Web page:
Chuck Smith Prayer 101 “Continue in prayer”


How we need to pray! 

Not talk about it. Not have conferences about it. But to actually practice the privilege of prayer.

Paul said, “Continue in prayer” (Colossians
4:2). The Greek word for “continue” speaks of persistence and constancy. Continue steadfastly in prayer.

Why is persistence necessary in prayer? Some
people say that praying for the same need more than once shows a lack of faith on our part. Yet, in the Garden of Gethsemane Jesus prayed the same prayer three times (Matthew 26:39–44).

Also, in speaking of his own thorn in the
flesh, Paul the apostle said, “For this thing I besought the Lord thrice, that it might depart from me (2 Corinthians 12:8).

Jesus taught persistence in prayer in two parables. In the first one He said, “Men ought always to pray, and not to faint” (Luke 18:1). He then illustrated this by the story of a callous judge and a determined widow. The widow visited the judge every day saying, “Avenge me of mine adversary.”

The judge, even though he did not fear God
or man, said, “This woman will drive me crazy by coming here every day!” So, he wrote out his judgment in her favor. Then Jesus added, “Shall not God avenge his own elect…? I tell you that he will avenge them speedily” (Luke 18:2–8).

At first I found difficulty with the fact that
Jesus used an unjust judge as a comparison with our just God. But the parable actually shows a vast contrast. If an unjust judge could be persuaded to act by the persistence of a woman, how much more will our fair and loving Father bring about a just and speedy judgment for those who are calling upon Him.

The other parable about persistence in prayer
concerns a fellow who heard a knock on his door at midnight. He opened the door to find some of his friends had come to spend the night. Wanting to feed them before he bedded them down, he went to the cupboard but found he didn’t have enough bread. So, he went to his neighbor’s house, knocked on the door, and said, “Open up and give me some bread! I’ve got company.”

The neighbor replied, “I’m already in bed
with my wife and children. Come back tomorrow.” But the fellow kept knocking and wouldn’t stop until he had what he needed. Because of this man’s importunity, the neighbor finally got up and gave him the bread (Luke 11:5–10).

We see that the Bible teaches persistence in
prayer. Does that mean our prayers persuade God to do things our way? Does God have an arbitrary reluctance to answer us, and we make Him give in to our demands by being persistent and obnoxious? I hardly think so.

I am convinced that prayers do not and cannot
change the purposes of God—though you pray fervently, though you petition with tears, though you pray for days. God is far too loving to give in just because you are weeping and persevering for something He knows would be detrimental to you and would destroy you in the end.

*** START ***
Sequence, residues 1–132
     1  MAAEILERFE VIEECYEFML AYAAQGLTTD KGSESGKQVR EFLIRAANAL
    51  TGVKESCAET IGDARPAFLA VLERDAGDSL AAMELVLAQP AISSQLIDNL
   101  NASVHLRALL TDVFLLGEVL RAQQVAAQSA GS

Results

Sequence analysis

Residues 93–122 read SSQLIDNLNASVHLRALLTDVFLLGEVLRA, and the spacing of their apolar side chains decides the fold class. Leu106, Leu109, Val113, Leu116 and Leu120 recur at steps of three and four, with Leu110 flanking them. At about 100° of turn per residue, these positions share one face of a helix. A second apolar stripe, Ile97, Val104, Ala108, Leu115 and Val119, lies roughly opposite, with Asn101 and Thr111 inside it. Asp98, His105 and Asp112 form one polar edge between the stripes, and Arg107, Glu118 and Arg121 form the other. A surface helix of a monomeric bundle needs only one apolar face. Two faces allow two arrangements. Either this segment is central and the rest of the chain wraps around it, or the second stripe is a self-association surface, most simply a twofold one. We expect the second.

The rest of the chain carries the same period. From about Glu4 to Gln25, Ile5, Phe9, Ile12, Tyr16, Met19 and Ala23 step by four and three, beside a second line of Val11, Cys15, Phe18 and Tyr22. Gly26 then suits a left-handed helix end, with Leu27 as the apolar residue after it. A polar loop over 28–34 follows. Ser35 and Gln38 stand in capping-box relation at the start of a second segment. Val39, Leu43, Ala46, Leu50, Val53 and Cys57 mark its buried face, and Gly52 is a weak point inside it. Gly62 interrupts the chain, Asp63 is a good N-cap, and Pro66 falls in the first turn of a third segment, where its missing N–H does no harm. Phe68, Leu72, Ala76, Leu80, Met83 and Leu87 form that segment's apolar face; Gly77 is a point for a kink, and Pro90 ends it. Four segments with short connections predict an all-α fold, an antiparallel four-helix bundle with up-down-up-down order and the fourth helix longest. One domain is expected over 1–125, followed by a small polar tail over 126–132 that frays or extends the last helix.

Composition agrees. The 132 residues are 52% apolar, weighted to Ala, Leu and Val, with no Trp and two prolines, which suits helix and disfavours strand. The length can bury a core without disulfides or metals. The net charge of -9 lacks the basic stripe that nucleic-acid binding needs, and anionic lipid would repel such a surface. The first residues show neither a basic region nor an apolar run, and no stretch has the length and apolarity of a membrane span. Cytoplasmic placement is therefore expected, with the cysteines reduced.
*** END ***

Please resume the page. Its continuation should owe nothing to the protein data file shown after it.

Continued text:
Prayer doesn’t change the purpose of God,
but prayer can change the action of God.

Jesus said, “Your Father knows the things you
have need of, before you ask him” (Matthew 6:8 NKJV). Your prayers aren’t for the purpose of informing God of your situation. He knows all your needs before you ever ask Him. But your prayers open the door and allow God the opportunity to do those things that He’s been desiring to do, but wouldn’t do in violation of your own free will.

In John 15:16, Jesus said to His disciples,

You did not choose Me, but I chose you and appointed
you that you should go and bear fruit, and that your fruit should remain, that whatever you ask the Father in My name, He may give you (NKJV).

Note, He may give it to you. God knows your needs and desires to meet them. Prayer opens the door to allow Him to do those things He desires to do. It is giving God my consent to do what He desires in my life. God has given me a free will and will not violate my free will. Thus, I must ask in order to receive.

God knows that in one year I will need a
particular thing, because He knows all my exact needs in advance. I don’t know my needs even a month from now. If God gave me today what I’ll need in a year, then I might not use it as He intends it to be used.

So, as I become aware of my needs, I cry out
to God, “Help me and meet this need now.” I have finally become aware of the problem. But God has been aware of it all the time. Now when I ask Him for help, He is free to give it to me because I’ll use it as He wants it to be used.

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